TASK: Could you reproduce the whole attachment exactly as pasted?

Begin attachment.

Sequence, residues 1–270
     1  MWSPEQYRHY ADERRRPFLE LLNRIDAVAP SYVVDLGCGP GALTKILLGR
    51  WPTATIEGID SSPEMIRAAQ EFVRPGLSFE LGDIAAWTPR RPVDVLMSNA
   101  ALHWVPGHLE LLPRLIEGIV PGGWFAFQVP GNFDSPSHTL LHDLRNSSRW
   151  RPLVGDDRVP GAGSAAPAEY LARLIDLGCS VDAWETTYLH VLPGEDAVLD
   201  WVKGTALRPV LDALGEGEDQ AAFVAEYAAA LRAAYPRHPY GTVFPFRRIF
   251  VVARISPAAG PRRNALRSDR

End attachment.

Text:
Sequence, residues 1–270
     1  MWSPEQYRHY ADERRRPFLE LLNRIDAVAP SYVVDLGCGP GALTKILLGR
    51  WPTATIEGID SSPEMIRAAQ EFVRPGLSFE LGDIAAWTPR RPVDVLMSNA
   101  ALHWVPGHLE LLPRLIEGIV PGGWFAFQVP GNFDSPSHTL LHDLRNSSRW
   151  RPLVGDDRVP GAGSAAPAEY LARLIDLGCS VDAWETTYLH VLPGEDAVLD
   201  WVKGTALRPV LDALGEGEDQ AAFVAEYAAA LRAAYPRHPY GTVFPFRRIF
   251  VVARISPAAG PRRNALRSDR